Original Research ARTICLE
Robust Phenotypic Activation of Eosinophils during Experimental Toxocara canis Infection
- 1Laboratory of Inflammation and Infectious Diseases, Department of Morphology and Pathology, Federal University of São Carlos (UFSCar), São Carlos, Brazil
- 2Integrated Research Group in Biomarkers, René Rachou Institute (FIOCRUZ), Belo Horizonte, Brazil
Eosinophils are multifunctional cells that have cytotoxic proinflammatory activities and stimulate CD4+ T-cells in experimental models of allergy and parasitic infections. Eosinophils, when exposed to antigens, are activated, expressing the CD38/CD69 molecules and exhibited increased expression of major histocompatibility complex (MHC-II), CD80 and CD86, suggesting they play a role upon Toxocara canis antigen stimulation. In the present study, we evaluated the profile of eosinophils using conventional and image flow cytometry upon experimental T. canis infection. T. canis antigens induced a robust activation on this subset, contributing to the immune responses elicited in the experimental model for T. canis-associated visceral larva migrans syndrome. Data analysis demonstrated that, during murine T. canis infection, eosinophils from peripheral blood, spleen, and bone marrow presented upregulated expression of CD69/MHC-II/CD80/CD86. As opposed to splenic and bone marrow eosinophils, circulating eosinophils had increased expression of activation markers upon T. canis infection. The enhanced connectivity between eosinophils and T-cells in T. canis-infected mice in all three compartments (peripheral blood, spleen, and bone marrow) also supports the hypothesis that eosinophils may adopt a role during T. canis infection. Moreover, in vitro T. canis antigen stimulation resulted in activation and upregulation of co-stimulatory-related molecules by bone marrow-derived eosinophils. Our findings are evidence of activation and upregulation of important activation and co-stimulatory-related molecules in eosinophils and suggest a reshape of activation hierarchy toward eosinophils during experimental T. canis infection.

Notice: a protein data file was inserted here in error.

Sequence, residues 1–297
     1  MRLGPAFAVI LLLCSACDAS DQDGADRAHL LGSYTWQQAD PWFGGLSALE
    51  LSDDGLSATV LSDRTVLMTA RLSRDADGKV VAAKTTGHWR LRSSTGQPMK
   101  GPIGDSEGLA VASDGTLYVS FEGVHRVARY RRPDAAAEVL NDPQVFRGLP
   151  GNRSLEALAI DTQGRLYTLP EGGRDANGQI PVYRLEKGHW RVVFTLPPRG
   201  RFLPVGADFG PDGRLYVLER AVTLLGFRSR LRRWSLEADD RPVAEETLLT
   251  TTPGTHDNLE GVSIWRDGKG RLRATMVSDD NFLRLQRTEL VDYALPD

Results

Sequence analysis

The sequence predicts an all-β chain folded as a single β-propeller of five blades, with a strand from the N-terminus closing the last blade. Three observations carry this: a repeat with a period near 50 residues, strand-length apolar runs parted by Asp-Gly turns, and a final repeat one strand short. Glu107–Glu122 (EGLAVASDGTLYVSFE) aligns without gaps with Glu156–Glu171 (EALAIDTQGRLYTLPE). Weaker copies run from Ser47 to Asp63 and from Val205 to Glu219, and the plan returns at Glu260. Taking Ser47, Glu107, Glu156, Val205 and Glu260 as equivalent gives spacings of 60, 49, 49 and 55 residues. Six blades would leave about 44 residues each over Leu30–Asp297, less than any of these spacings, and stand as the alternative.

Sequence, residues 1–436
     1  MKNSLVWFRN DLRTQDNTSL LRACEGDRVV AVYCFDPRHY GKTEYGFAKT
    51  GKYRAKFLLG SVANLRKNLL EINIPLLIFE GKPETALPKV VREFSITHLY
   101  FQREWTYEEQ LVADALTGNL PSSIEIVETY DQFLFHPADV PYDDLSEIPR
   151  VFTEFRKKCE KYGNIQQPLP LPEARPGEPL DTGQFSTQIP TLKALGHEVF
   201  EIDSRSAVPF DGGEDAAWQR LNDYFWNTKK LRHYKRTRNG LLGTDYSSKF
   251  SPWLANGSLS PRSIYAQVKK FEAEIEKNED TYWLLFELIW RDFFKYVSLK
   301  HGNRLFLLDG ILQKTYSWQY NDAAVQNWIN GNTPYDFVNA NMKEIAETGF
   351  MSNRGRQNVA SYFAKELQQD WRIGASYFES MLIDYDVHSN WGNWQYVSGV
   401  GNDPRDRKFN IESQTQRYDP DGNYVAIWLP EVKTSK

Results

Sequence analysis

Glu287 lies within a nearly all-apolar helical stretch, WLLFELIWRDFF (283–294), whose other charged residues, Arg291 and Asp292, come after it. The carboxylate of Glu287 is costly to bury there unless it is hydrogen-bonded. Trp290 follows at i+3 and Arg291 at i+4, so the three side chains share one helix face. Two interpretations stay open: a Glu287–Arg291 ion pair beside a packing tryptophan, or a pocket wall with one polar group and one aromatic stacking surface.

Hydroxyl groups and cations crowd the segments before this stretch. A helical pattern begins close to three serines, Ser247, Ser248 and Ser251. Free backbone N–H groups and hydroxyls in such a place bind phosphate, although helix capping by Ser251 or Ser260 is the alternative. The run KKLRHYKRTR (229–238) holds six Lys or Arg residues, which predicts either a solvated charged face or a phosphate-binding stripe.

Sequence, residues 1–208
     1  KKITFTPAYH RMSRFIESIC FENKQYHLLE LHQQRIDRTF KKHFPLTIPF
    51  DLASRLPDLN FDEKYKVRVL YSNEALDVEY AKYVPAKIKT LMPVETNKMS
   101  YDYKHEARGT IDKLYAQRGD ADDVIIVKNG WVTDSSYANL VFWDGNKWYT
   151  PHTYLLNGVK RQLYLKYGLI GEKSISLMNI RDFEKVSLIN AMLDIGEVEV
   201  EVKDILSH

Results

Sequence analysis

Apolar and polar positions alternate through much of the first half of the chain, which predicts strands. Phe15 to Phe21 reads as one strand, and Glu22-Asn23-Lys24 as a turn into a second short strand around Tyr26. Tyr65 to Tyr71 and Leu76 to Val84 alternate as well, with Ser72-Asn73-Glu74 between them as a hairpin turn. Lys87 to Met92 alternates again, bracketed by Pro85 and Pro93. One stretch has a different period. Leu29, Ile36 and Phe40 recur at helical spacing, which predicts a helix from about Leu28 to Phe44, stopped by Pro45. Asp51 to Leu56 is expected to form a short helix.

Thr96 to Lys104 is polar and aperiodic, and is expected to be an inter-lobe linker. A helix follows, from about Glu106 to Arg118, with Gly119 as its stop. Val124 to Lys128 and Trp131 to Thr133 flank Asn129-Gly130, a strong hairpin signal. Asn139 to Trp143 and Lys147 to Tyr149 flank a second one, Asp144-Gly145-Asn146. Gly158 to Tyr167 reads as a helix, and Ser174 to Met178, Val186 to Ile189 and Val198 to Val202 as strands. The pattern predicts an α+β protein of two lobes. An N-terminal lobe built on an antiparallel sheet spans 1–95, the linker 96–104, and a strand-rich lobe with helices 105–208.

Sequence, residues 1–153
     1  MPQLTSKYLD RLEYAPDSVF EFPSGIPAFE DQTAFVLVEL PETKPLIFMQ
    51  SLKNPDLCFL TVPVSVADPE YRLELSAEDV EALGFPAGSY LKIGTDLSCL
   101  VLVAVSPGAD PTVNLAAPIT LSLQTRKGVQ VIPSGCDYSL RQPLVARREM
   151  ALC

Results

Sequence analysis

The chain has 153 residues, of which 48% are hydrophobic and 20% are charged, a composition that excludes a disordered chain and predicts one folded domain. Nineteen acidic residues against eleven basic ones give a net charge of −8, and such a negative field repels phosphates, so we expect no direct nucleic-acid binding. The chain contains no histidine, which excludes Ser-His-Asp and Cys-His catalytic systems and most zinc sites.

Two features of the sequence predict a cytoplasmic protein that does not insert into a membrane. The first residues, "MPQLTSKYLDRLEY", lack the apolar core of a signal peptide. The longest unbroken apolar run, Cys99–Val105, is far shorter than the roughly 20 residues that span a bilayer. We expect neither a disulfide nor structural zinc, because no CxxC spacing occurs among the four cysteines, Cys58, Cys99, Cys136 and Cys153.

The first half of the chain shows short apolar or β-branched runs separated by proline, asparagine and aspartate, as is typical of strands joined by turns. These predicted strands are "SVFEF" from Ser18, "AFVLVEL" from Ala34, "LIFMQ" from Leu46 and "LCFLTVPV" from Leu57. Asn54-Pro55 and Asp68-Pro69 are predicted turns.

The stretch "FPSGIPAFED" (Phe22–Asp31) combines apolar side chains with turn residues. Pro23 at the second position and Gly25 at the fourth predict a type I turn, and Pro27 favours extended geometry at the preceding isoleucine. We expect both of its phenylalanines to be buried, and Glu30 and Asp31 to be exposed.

Eosinophils are multifunctional cells that have both cytotoxic and proinflammatory activities. When activated, these cells migrate to lymph nodes and activate CD4+ T-cells at paracortical zones (1, 2). Upon antigen exposure, eosinophils are apparently activated and express increased levels of CD80, CD86, and major histocompatibility complex (MHC-II) molecules (3–6). In addition, antigen-loaded eosinophils may activate T-cells and increase the production of Th2-type cytokines in several experimental models (7, 8).
Regarding helminthic infections, eosinophils have a protective role, acting as defenders against parasites. In the initial phase of infection, eosinophils are able to capture helminthic antigens and migrate to T cell-rich regions, and present antigen to trigger specific responses (9, 10). In this phase, there is increased influx of newly differentiated eosinophils from the bone marrow to peripheral blood and tissues. In steady-state, bone marrow hematopoietic cells give rise to eosinophil precursor cells and their differentiation and proliferation are regulated by granulocyte-macrophage colony-stimulating factor (GM-CSF) and interleukins such as IL-3 and IL-5 (11).
In regard to nematodes, a role for eosinophils in the pathophysiology of Toxocara canis infection has been reported. T. canis is the causative agent of canine toxocariasis and the etiological agent of visceral migrans larva syndrome (VLMS) in humans. During T. canis infection, eosinophils increase in blood and tissue, which is usually associated with high levels of serum IgE and Th2 immune responses (12–17).
The clinical and pathological aspects of VLMS are multifactorial and seem to be induced by the tissue damage caused by larvae migration. In addition, parasite-derived metabolites and the host inflammatory responses act in consonance to promote granuloma formation in several tissues, mainly in the lung and the liver (14).
Considering the role of eosinophils during helminth infection, these cells could be efficient in activation of specific T-cell responses. During the helminthic infections, eosinophils are able to orchestrate and induce a robust CD4+ T-cell activation that is able to control parasite growth. The microenvironment during these infections favor the differentiation of Th2 CD4+ T-cell responses, which direct the immune response to these antigens by secretion of inflammatory mediators such as leukotrienes and the cytokines IL-4, IL-5, and IL-13 (18–20).
In this context, the role of eosinophils in T. canis infection is poorly understood. Therefore, this study aimed at investigating the ex vivo and in vitro eosinophil phenotype and function upon T. canis exposure. In order to accomplish this goal, we evaluated the changes in the activation status and expression of activation and co-stimulatory surface markers by eosinophils and APC (monocyte/macrophages and B-cells) triggered by T. canis experimental infection. In addition, in vitro T. canis antigen stimuli were employed to characterize the phenotypic changes in bone marrow-derived eosinophils. Our findings are evidence of activation and upregulation of important activation-related molecules in eosinophils and suggest a reshape of activation hierarchy toward eosinophils during experimental T. canis infection.
Materials and Methods
Experimental Animals and Parasites